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Employment Equity Act, 1998 (Act No. 55 of 1998)

Code of Good Practice

Integration of Employment Equity into Human Resource Policies and Practices

Part B : During Employment

17. Confidentiality and Disclosure of Information


17.1 SCOPE


17.1.1 This section deals with information employees are entitled to obtain from their employers and information employers may disclose about their employees.


17.1.2 The relevant provisions of Section 16 of the Labour Relations Act, 1995, apply to the disclosure of information in terms of this part of the Code, in addition to any other laws, including the Regulation of Interception of Communications and Communication-Related Information Act, 2002 and the Promotion of Access to Information Act, 2000.




17.2.1 When engaging in employment equity consultation, the Act requires that designated employers disclose to consulting parties all relevant information.


17.2.2 The object of disclosure is to make the process of consultation as participative and as meaningful as possible to ensure good faith engagement and to develop trust between employers and employees.


17.2.3 Timeous disclosure of information will facilitate consensus regarding appropriate employment equity initiatives to reduce challenges.


17.2.4 An employer must disclose information that is relevant and that is reasonably required by the consulting parties to engage effectively on employment equity.


17.2.5 Information is generally considered to be relevant if it is likely to influence the formulation, presentation or pursuance of a position or demand proposed by a consulting party in their deliberations on employment equity.




Type of information


17.3.1 The employer can comply with many of these requirements by referring the consulting parties to the documents that contain the necessary information if they are reasonably accessible to such consulting parties.


17.3.2 Information should be supplied in a manner and format that are accessible to all employees in the workplace.


Confidentiality and Disclosure


17.3.3 Private, personal information is regarded as confidential information. It will include information that may be typically found in an employee's personnel file. This may include information concerning the employee's financial circumstances, marital circumstances, criminal record or health status (e.g. HIV and AIDS, alcoholism, etc.). The employer may not disclose this kind of information unless the employee consents in writing.


Collection and communication of employee data: Balancing the need for information against the right to privacy


17.3.4 Information is collected on employees from the time when they are job applicants. The collection and disclosure of information may in some circumstances violate the right to privacy. It is therefore important for employers to balance the need for requiring certain information against the need to maintain high standards of personal privacy and the confidences of third parties.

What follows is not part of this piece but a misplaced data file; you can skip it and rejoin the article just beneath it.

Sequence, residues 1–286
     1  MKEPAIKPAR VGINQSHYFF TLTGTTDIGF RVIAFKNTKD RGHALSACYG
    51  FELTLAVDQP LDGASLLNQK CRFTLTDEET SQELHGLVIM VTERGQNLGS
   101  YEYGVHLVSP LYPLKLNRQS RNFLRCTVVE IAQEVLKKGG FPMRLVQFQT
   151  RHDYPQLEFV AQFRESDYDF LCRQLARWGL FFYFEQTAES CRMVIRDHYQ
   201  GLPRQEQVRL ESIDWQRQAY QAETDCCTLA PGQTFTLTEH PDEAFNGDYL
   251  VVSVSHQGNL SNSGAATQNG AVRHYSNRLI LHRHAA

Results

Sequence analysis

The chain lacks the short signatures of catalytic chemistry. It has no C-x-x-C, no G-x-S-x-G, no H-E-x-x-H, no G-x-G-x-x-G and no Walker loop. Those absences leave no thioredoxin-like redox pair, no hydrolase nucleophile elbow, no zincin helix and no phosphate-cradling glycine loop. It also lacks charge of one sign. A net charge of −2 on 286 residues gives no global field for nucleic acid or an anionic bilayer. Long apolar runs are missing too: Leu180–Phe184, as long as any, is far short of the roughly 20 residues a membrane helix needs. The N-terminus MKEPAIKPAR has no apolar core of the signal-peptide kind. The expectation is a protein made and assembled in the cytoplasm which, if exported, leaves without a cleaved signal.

17.3.5 An employer should not collect personal information from employees, unless— The information is collected for a lawful purpose that is directly related and necessary to implement employment equity in the workplace, e.g. for making recruitment, development and promotion decisions; and The information is reasonably necessary for that purpose.


17.3.6 An employer may not collect personal data regarding an employee's sex life, political, religious or other beliefs, or criminal convictions, except in exceptional circumstances where such information may be directly relevant to an employment decision.


Security of disclosed information


17.3.7 Information collected on employees, such as race, gender, sexual orientation, religion, performance, training records, psychological assessments or health, or any other information imparted by employees to their employer, should be kept secure and only those entitled to see it in the course of their duties should have access.


17.3.8 For governance purposes, employers should ideally have a written security policy for the gathering and disclosure of information. Employers should keep a written record of the names of those, whether internal or external to the employer, to whom employee information has been revealed and for what purpose.


Employee rights


17.3.9 Employees should be afforded opportunities of checking the accuracy of their information and rectifying and updating it, particularly where it relates to employment equity.


17.3.10 Employees can insist on the rectification or deletion of incorrect or misleading information. Where information is corrected, those alterations should be communicated to subsequent users of the information.




17.4.1 Employment equity implementation - The disclosure of information by an employer must occur within the context of an employer's employment equity policies. Disclosure of information is a necessary pre-requisite to meaningful consultation by parties, as required under the Act.


17.4.2 Recruitment and Selection - Information about employees, which is collected by an employer during the recruitment process or during employment, must be collected for a lawful purpose and must be directly related to the function or job requirement.


17.4.3 Assessments - An employee's manager, with the assistance of an expert in testing, should only consider psychological assessments of an employee if the assessments are current.